ANSWER: There are several reasons why it's a challenge, and I'll give them to you in reverse order. A player's stance is different on one side of the line of scrimmage as opposed to the other, and so many of the fundamentals involved are different in a way that's similar to someone who's used to eating with the fork in the left hand suddenly had to sit down at the table and put it in the right hand. Not impossible, but likely messy. And the most significant element is that while having to re-establish the muscle memory required in the job, there is a large, athletic, strong individual across the line of scrimmage with evil thoughts and intentions. I write this all the time, but here it is once again: It's not a video game; it involves real human beings with real human strengths and weaknesses; and the NFL is the highest level of the sport on earth. Fractions of a second are important.
RAY JAMES FROM WOODSTOCK, GA: Now that Cole Holcomb is out for the season, will the Steelers sign an inside linebacker, who either is still a free agent or on another team's practice squad?
ANSWER: At this stage of the regular season, and with the complexities in playing inside linebacker, I would think any signings would be players who would start off on the practice squad. Because any player signed off another team's practice squad would have to count on the 53-man roster for three games, I see the team first promoting from within so that guys already on the roster and practice squad would move up the depth chart.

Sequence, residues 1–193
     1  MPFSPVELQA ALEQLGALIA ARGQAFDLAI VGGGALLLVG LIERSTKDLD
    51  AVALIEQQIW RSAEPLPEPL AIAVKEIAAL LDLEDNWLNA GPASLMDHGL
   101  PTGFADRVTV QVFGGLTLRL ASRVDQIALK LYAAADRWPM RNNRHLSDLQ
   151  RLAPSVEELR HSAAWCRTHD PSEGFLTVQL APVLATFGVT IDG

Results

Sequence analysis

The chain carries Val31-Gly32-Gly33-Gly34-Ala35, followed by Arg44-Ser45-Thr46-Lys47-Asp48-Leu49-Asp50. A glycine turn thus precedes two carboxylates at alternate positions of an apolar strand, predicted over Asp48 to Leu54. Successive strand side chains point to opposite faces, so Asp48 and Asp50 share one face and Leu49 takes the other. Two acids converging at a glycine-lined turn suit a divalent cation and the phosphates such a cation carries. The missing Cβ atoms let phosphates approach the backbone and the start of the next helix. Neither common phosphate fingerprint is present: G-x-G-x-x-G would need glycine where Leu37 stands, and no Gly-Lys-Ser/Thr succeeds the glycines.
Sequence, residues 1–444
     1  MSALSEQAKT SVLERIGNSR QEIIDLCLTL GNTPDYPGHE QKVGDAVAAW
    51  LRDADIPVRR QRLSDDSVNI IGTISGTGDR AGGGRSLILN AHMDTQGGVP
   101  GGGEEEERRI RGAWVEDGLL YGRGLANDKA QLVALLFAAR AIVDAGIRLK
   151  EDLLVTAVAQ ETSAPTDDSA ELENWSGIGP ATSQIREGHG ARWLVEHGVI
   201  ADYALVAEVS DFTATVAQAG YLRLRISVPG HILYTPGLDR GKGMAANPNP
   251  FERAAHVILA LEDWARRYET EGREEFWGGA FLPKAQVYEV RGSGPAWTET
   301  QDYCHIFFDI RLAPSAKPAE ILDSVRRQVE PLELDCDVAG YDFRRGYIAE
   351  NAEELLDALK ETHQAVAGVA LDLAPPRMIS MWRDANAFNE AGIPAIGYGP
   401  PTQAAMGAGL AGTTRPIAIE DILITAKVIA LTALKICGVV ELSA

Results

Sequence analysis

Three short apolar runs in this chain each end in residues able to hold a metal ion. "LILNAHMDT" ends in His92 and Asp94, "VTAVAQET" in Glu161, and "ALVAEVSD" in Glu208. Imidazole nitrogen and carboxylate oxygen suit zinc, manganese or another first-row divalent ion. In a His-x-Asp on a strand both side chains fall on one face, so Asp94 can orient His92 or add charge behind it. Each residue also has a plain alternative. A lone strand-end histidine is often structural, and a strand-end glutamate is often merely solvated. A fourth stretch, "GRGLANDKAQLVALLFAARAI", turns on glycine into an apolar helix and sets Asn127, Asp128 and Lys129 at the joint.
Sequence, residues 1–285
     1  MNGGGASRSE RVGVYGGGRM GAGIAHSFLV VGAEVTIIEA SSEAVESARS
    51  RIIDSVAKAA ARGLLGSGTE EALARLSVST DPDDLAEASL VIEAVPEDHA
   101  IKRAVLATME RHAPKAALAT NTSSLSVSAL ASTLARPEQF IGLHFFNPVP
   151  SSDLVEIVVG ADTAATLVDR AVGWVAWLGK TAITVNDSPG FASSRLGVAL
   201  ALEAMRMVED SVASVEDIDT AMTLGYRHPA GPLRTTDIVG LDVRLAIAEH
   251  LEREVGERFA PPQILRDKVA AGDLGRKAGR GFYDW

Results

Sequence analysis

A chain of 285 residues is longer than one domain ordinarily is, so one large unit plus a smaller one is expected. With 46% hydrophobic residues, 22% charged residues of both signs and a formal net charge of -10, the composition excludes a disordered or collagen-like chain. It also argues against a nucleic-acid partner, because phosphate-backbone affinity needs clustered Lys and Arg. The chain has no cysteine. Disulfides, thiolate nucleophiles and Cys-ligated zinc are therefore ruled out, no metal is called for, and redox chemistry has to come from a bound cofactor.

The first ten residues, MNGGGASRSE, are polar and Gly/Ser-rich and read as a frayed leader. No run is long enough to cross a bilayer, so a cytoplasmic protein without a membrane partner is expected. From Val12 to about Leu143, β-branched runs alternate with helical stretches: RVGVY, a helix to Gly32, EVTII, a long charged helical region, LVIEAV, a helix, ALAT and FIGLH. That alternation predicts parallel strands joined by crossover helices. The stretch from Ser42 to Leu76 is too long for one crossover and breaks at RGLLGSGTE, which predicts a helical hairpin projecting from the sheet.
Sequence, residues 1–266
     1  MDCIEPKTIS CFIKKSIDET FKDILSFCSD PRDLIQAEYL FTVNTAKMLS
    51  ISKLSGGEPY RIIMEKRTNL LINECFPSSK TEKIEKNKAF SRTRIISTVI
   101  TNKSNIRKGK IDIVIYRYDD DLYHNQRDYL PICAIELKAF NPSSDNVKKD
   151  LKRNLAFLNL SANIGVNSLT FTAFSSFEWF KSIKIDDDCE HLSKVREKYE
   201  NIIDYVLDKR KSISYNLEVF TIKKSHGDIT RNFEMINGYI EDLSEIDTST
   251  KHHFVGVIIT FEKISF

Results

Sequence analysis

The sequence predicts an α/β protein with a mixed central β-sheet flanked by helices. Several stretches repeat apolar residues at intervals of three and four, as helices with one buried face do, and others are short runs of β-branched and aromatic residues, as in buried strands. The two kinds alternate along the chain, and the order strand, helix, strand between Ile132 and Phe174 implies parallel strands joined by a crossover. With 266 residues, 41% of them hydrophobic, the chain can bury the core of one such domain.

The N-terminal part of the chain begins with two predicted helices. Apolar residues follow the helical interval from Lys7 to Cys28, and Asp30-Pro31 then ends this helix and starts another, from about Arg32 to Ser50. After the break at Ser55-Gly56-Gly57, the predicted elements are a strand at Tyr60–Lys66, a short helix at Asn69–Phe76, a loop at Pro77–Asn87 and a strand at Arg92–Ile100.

DAVE SAVOLAINE FROM SILVER SPRING, MD: Where is the biggest weakness along the offensive line? It sure looks like Kenny Pickett is facing a collapsing pocket on every pass play, and that the running backs haven't had a lot of holes through which to run. How can this offensive line be improved, now and in the offseason?
ANSWER: With Broderick Jones now a starter at right tackle, I believe the Steelers have their five best offensive linemen on the field. Moving forward beyond 2023, I believe the team needs to improve at center. Not that Mason Cole is a below-the-line NFL center, but the franchise has a history of greatness and near-greatness at that position, with the more recent names fitting into one of those two categories being Ray Mansfield, Mike Webster (Hall of Fame), Dermontti Dawson (Hall of Fame), Jeff Hartings (first-team All-Pro), and Maurkice Pouncey (two-time first-team All-Pro).
KURT RINGELING FROM CHARLOTTE, NC: I was kind of hoping that Coach Tomlin would elaborate more on Cole Holcomb's surgery at his press conference on Tuesday. It only has been referred to as a serious knee injury. What exactly was the surgery to repair? Did he need surgery to repair both his MCL and ACL? The only information that I heard was he should have a full recovery. I know that Cole only has a one-year contract and there's a good chance he will never take another snap for the Steelers, but I was wondering what is his recovery time?